When benzos are added to the mix, they may find they can achieve that initial euphoria. However, they also may not realize that the effects of the two drugs combined increase exponentially and raise the risk of oversedation, respiratory issues, and death by overdose.

Symptoms of an overdose of depressants include:

  • Pinpoint pupils
  • Unconsciousness
  • Irregular, depressed breathing
  • Respiratory distress
  • Unresponsiveness
  • Unconsciousness
  • Confusion
  • Reduced reaction to stimuli
  • Brain damage
  • Coma and death

Cocaine and Alcohol

Combined Drug Intoxication | Just Believe Recovery

When used together, cocaine and alcohol can incite the liver to produce cocaethylene. This dangerous chemical can put enormous stress on one or more major organs. This chemical can also induce many life-threatening side effects, including cardiac arrest, aneurysm, brain damage, hemorrhage, and death.

Even without the presence of cocaethylene, using cocaine and alcohol can result in other unwanted or dangerous effects that include the following:

  • Stomach pain
  • Labored breathing
  • Impaired coordination
  • Anxiety
  • Confusion
  • Heart palpitations
  • High blood pressure
  • Coma

Ecstasy (MDMA) and Alcohol

Ecstasy (MDMA, Molly) is a popular drug among teens and young adults, especially in social scenes such as raves, parties, concerts, and clubs. Combining ecstasy and alcohol can initially enhance feelings of energy and euphoria, but can also lead to an intense comedown or crash. When taking MDMA, the user may feel as if they can drink more alcohol than usual and remain relatively sober and alert. For this reason, however, alcohol poisoning may be more likely to occur.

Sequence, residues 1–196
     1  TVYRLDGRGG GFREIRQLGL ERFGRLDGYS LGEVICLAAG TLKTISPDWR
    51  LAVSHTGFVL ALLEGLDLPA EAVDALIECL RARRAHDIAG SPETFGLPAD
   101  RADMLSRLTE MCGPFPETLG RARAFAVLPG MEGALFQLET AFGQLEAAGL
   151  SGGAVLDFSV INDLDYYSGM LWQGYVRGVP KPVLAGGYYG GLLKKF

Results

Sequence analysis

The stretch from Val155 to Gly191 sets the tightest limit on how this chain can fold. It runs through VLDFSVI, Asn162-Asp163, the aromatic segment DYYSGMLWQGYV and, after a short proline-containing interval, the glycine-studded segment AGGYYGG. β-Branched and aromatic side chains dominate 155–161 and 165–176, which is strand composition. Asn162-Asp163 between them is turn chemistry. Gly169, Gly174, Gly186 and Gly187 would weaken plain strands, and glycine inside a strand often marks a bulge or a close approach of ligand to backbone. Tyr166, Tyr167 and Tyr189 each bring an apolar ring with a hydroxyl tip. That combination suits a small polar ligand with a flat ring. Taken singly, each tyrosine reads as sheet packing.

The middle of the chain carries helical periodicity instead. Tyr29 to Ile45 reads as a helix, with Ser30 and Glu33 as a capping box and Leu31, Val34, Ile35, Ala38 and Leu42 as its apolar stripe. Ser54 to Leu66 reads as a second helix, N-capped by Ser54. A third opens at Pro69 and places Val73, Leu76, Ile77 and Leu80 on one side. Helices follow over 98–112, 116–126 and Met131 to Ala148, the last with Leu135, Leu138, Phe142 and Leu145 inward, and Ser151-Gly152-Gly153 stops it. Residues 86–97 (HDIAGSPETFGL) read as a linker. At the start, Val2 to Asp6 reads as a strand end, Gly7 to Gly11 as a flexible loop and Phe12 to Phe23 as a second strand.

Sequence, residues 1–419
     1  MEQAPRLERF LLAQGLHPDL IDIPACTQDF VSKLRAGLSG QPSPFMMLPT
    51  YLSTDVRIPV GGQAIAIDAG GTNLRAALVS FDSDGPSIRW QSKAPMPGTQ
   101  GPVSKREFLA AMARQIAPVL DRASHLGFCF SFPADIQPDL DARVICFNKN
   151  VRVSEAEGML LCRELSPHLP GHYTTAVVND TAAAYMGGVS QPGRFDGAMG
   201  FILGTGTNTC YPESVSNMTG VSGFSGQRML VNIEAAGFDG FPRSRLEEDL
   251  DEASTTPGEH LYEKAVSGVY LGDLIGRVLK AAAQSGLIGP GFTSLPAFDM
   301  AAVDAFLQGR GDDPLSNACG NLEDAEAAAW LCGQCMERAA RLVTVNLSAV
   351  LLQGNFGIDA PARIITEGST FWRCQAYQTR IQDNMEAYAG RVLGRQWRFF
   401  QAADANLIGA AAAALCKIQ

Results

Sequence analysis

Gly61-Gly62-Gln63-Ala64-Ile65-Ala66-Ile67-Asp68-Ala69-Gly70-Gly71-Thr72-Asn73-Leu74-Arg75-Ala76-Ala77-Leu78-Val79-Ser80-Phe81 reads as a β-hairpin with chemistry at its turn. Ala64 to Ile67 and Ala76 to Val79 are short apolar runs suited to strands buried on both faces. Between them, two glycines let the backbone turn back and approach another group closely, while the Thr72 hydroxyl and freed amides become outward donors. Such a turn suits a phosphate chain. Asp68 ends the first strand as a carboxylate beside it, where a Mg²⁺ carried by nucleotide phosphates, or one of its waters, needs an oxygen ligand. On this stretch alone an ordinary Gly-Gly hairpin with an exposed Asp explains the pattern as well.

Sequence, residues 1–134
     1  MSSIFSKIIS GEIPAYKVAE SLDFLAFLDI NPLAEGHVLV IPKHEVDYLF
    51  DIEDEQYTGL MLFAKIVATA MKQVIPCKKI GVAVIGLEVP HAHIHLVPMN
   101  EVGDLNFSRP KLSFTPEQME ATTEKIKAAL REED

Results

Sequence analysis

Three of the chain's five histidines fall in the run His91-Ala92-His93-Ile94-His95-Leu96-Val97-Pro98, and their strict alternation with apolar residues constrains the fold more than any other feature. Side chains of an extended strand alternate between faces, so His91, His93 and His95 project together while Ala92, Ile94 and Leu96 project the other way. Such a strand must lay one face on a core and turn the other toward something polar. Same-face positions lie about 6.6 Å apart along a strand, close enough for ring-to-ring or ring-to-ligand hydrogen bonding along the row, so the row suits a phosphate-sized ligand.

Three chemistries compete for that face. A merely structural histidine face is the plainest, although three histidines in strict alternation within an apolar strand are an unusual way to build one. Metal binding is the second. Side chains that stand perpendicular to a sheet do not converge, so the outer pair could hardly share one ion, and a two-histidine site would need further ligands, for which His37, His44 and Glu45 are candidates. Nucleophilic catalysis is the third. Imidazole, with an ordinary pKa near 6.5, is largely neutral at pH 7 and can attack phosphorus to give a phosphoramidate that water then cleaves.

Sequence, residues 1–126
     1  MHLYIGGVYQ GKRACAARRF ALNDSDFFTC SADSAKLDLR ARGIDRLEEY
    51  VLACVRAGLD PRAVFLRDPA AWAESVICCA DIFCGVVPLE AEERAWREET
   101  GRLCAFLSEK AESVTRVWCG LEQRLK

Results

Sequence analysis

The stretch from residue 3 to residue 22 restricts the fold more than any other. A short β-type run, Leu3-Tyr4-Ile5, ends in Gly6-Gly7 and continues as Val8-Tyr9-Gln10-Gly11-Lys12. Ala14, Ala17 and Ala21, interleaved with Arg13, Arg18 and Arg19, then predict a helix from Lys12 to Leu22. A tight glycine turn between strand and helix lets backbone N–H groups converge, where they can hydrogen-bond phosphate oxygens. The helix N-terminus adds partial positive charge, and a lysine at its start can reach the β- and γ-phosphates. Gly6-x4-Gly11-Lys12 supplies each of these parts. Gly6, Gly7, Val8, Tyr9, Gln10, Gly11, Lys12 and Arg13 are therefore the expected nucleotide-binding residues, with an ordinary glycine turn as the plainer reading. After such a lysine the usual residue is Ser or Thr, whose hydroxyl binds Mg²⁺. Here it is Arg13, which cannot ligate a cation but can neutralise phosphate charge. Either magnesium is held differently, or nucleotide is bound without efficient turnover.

Other adverse effects of combining alcohol and ecstasy include the following:

  • Anxiety and depression
  • Dehydration
  • Risky behavior
  • Insomnia
  • Aggression
  • Heart attack
  • Hyperthermia
  • Kidney or liver damage

Opioids and Stimulants

Combining opioids and stimulants can ultimately lead to a tug-of-war reaction in the body as it is trying to figure out how to respond to the competing messages it is receiving.

Moreover, opioid send signals that work to depress the nervous system, while stimulants, such as meth in its various forms and cocaine, are trying to accelerate it. The overall effect can result in a cancelation of some of the unwanted symptoms of either drug. Unfortunately, however, the user, although feeling good, may be ignorant of the fact that he or she has ingested a potentially lethal cocktail.

Dangerous symptoms of mixing depressants with stimulants include:

  • Stomach pain
  • Difficulty breathing
  • Impaired coordination
  • Anxiety
  • Confusion
  • Heart palpitations
  • High blood pressure
  • Coma
  • Cardiac arrest
  • Death

Getting Treatment for Addiction

You should never use any drugs or alcohol in combination with another substance without a prescription or medical direction from a doctor.

If you are abusing multiple substances, we urge you to contact us today and find out how we can get you back on the path to recovery and good health, one step at a time!

⟹ READ THIS NEXT: Percocet and Alcohol